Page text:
This is not a trick question. When the nurse takes your blood pressure you get a reading of one number over another. When you step on a scale, you curse yourself for overeating the night before. When you look at the clock, you see what time it is. All of these numbers have meaning. You have critical number for your business. A single number. It can be a beacon in the darkness. I will tell you now that it is the most important number in your business and it is the one that next to the bottom line of your checkbook that you can influence. Need a fancy dashboard, not until you master this one number.

If you think I am making this up as another Hodaism, I am not. My mentor Jack Stack, the author of The Great Game of Business, defines it as the one number that people in the company can look at that relates to their role. It tells them that if they hit that number whether it’s daily, weekly, monthly, quarterly, or yearly, that they should be okay-that they are making their contribution.

My number was 26. Yep. twenty-six. For years, that was the number of billable hours a week that I had to maintain in order to be profitable. In other words, that number is what kept the doors open. Every day, I tallied the number of billable hours. If I worked on a flat rate Locate, it was worth 1.5 billable hours. If I worked on a budget case, I divided the budget by say $131 per hour to create a billable hour. (one year I took my total revenue dollars and divided it by the number of billable hours and it came out to around $131). If I piled up the numbers in the beginning of the week, I could take my foot off the pedal come Friday. If I didn’t, I was staring at some Saturday work as well. I had a goal to strive for every week. I don’t like missing my goals. I set them intelligently and try not to get complacent.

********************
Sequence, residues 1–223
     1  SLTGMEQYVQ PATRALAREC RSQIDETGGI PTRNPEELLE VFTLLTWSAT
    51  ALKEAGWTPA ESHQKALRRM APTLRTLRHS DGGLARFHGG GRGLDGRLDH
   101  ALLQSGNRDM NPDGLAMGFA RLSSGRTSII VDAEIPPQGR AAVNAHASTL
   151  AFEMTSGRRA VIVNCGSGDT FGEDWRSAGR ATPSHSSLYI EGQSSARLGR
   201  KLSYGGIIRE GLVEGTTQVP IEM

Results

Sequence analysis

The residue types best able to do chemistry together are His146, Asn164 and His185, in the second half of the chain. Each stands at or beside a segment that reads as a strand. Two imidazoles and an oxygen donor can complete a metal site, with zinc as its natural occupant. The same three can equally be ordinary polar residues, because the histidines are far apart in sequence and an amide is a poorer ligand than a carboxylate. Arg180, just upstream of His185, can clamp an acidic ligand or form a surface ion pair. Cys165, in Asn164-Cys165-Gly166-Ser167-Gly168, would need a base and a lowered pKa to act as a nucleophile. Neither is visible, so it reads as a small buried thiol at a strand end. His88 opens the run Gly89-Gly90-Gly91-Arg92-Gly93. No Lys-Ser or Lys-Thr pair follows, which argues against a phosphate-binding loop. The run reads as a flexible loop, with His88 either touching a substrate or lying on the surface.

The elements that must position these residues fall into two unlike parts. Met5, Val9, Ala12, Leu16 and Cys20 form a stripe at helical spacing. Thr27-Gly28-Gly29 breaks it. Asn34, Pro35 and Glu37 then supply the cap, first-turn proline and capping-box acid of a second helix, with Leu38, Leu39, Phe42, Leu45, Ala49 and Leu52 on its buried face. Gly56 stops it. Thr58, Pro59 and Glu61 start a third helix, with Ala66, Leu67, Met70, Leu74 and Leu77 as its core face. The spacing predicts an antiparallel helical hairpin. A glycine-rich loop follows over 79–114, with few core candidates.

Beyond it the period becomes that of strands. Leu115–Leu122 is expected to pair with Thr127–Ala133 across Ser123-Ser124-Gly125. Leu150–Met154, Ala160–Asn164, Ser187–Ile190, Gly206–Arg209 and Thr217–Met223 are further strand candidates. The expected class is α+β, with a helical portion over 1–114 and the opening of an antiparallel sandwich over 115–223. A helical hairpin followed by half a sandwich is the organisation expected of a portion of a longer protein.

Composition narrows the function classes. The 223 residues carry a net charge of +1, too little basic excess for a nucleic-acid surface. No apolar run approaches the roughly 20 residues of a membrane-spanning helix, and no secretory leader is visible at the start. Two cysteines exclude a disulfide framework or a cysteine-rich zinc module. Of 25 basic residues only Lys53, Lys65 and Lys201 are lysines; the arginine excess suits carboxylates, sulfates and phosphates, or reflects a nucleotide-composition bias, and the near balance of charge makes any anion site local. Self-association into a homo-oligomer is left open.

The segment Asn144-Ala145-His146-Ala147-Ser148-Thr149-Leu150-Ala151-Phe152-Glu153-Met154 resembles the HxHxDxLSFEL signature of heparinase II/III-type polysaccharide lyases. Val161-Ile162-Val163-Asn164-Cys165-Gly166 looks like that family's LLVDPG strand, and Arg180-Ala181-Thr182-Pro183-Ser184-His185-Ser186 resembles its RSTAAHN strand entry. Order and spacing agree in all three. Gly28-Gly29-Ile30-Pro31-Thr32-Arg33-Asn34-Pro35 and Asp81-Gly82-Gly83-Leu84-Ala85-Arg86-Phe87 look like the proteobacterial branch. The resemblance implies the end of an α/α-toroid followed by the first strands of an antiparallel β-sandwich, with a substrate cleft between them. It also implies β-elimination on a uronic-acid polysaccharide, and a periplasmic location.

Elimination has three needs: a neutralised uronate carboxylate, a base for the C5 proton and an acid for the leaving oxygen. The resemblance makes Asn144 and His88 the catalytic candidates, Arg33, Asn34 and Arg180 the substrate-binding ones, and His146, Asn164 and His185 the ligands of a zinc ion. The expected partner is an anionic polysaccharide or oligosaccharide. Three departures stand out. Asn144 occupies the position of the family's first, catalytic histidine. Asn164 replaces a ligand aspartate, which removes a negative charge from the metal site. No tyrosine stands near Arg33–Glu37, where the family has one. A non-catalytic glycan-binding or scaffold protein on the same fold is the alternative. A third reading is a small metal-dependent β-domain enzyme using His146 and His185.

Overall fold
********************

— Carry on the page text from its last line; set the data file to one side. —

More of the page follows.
My billable hours were worth $131 that year. I am not talking about total hours in your business, just time spent working on the cases that you can bill on. Some drive time is not billable; the same goes for administrative time or time paying bills or marketing. I average 52 work hours a week that year. Yes, I tracked the other hours too in my Day-timer. (a great tool by the way)

26 billable hours that year at $131 per totaled $3,406 per week for the 48 weeks I worked. I grossed $163,488 over expenses of $52,250 leaving me a taxable income of $111,238. Uncle Sam and the Nutmeg State took 34% of that leaving me with $73,417 or a little over six grand a month to pay my personal bills and my set-asides for my SEP IRA.

In 2016, my son rejoined the firm and we set a goal of 39 billable hours by year’s end on $59,000 in expenses. Every quarter, we worked to grow the number of billable hours incrementally to accomplish that 50% increase by Christmas. Every week, I tallied the number of revenue dollars versus what we planned. Most weeks we were in the black, some weeks we were in the red. It was recorded on a flip chart in our office, staring us in the face every day.